Five years ago, I took a good friend to see his first ever dance show. It was ironINC's 2007 Resolution! performance at The Place; the opening piece of the night consisted of a woman jumping up and down, then running around the stage. He was baffled, concerned that he'd somehow missed some subtext, synopsis or key information.
This is much how I felt on watching Wayne McGregor's Limen today. Sadly, the experience was hampered by little to none of Limen actually being visible in the cheap side seats, and instead resulted in a lengthy, largely uninterrupted meditation on the empty stage of the Royal Opera House.
Perhaps because to the east of us, the Merce Cunningham Dance Company was staging its last ever performance in London, Limen appeared to be Cunninghamesque in its creation: the choreography was even more abstract than usual, with seemingly random duets and solos occuring in the space, however at times, similar movements would be performed by a nearby pair, but differently. Also Cunninghamesque was the placing of the movement along the sides and at the back, hence the lack of visibility for us lesser mortals sitting on the side.
The highlight of Limen was of course the duet between Eric Underwood and Sarah Lamb, which proved that when you strip away all the affectations from McGregor's choreograhy, you can find moments of beauty.
The second piece in today's triple bill was Marguerite & Armand, which was choreographed by Ashton in 1963 as a vehicle for Margot Fonteyn's and Rudolf Nureyev's new partnership; he later decreed that it should never be performed by anyone else, but it was revived in 2000 for Nureyev's protegée Sylvie Guillem and Nicolas Le Riche, and more recently by Tamara Rojo and Federico Bonelli. The original version, narrated by Margot Fonteyn, was recently screened by BBC4 as part of a weekend of dance programming.
Marguerite & Armand is based on Dumas' play "La Dame aux camélias" about a courtesan who Dumas fell in love with before her death from consumption at age 23.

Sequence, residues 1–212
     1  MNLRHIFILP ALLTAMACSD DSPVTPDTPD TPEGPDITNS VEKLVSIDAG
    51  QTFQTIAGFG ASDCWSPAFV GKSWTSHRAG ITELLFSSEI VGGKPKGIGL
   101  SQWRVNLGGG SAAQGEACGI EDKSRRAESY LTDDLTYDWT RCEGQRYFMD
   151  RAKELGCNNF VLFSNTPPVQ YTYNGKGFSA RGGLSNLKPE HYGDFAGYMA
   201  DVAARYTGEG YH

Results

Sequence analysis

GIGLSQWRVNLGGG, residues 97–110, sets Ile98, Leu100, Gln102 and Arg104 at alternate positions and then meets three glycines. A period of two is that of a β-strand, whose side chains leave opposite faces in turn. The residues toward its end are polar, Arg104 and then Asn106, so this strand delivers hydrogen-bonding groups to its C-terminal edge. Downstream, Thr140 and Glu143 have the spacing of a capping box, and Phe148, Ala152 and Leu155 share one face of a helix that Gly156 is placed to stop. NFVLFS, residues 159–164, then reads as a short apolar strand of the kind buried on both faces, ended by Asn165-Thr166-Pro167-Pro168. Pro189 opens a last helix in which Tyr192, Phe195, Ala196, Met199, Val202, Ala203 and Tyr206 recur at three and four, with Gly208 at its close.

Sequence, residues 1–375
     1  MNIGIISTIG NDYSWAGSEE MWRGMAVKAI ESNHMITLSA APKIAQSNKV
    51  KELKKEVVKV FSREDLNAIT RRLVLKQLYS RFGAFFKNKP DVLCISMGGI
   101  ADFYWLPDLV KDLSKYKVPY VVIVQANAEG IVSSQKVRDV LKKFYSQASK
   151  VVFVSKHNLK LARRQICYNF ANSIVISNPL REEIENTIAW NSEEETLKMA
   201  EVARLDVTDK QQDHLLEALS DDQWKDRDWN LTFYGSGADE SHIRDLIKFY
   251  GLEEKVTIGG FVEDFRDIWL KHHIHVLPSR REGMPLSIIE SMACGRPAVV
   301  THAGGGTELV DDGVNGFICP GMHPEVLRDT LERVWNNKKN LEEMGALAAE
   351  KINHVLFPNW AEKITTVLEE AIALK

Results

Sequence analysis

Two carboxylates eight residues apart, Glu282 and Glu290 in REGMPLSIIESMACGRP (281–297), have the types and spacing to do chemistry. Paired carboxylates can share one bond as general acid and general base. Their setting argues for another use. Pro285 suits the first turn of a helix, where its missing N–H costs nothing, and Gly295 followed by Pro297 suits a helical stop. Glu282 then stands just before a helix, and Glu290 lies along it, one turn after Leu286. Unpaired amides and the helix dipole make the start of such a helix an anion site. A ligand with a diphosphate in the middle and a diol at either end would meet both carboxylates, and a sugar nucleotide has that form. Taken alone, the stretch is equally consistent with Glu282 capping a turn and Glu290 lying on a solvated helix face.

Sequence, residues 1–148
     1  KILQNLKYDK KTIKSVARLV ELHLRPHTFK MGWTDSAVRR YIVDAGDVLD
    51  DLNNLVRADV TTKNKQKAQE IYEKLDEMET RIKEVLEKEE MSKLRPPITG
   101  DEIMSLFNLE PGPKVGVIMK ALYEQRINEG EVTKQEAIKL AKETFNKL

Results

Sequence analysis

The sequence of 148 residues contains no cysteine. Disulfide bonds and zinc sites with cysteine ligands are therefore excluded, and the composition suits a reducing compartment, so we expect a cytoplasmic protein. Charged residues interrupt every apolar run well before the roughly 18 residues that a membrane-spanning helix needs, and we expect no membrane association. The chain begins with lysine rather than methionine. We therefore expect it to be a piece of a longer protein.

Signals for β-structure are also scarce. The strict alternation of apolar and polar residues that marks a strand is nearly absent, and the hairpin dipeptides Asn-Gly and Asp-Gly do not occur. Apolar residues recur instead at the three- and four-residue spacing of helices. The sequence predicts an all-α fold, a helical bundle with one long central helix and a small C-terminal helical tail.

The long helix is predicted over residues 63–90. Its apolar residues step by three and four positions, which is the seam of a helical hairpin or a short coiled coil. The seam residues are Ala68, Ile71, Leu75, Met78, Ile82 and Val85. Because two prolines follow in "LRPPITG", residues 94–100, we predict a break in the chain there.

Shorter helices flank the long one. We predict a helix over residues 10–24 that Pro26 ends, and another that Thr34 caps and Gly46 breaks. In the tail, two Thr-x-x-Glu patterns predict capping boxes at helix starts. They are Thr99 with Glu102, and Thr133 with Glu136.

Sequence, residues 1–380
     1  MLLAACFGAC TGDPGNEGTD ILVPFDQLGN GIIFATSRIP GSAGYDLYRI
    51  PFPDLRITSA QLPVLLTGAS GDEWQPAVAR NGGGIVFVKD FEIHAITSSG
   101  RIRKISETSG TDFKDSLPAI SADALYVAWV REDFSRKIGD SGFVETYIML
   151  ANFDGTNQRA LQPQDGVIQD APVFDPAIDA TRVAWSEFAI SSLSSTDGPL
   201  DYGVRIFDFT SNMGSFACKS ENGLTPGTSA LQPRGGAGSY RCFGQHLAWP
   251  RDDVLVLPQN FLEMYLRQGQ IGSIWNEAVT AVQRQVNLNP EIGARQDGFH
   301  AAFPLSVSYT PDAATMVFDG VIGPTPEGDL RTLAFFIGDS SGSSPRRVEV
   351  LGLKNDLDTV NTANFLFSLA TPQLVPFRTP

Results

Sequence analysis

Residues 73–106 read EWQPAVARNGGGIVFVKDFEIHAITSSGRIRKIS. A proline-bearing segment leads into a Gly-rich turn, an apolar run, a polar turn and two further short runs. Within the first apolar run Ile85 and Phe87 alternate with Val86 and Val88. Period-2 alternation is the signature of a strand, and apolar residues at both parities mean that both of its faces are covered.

The piece opened with Marguerite on her deathbed, hallucinating the presence of Armand before reminiscing about their relationship from when they first met, the development of their relationship despite his father banning her from seeing him, concluding with Armand's fury at discovering that she had returned to being a courtesan. In the present day, or at least in 1852, we saw Armand return to the dying Marguerite for one last ecstatic duet.
Tamara Rojo and Sergei Polunin were perfectly cast in their roles, wholly inhabiting their characters in a way which we had not seen in the previous Guillem/Le Riche casting. We could easily see Tamara Rojo as a younger Fonteyn, with the same warmth and vivacity we would expect from her, while it was all too easy to imagine Sergei channelling Nureyev, performing with similar bearing, passion and fire.
While this is hardly Ashton's finest choreography, it's filled with dramatic passionate duets, and is a must for Sergei Polunin fans!
The evening concluded with Macmillan's Requiem, a tribute to choreographer and friend John Cranko on his sudden death in 1973; in the closing triple bill of the Royal Ballet's previous season, we saw Glen Tetley's own tribute to Cranko, Voluntaries, which was exquisitely performed by Marianela Nuñez.
Requiem was performed to Fauré's Requiem, accompanied by a choir which was beautifully led by Anna Devin (soprano) and Daniel Grice (baritone). The piece was imbued with a solemn funereal feel, with ritualised movement, slow deliberate duets and many friezes throughout. There was also raw unballetic movement, evocative of the animalistic Rite of Spring, also choreographed by Macmillan.
The three main roles were the Everyman (Carlos Acosta), the chief female mourner (Marianela Nuñez) and the Goddess/white-clad woman (Leanne Benjamin), with Leanne beautifully partnered by Rupert Pennefather. Each were stunning to watch, from Carlos Acosta's tortured, anguish-filled solo to the effortlessly fluid duet between Pennefather and Leanne. And as for Nuñez - well, she completely stole the show!
Definitely worth going just for Requiem, and Marguerite & Armand, but Limen was very disappointing. And as for the men's wigs in Marguerite & Armand..... !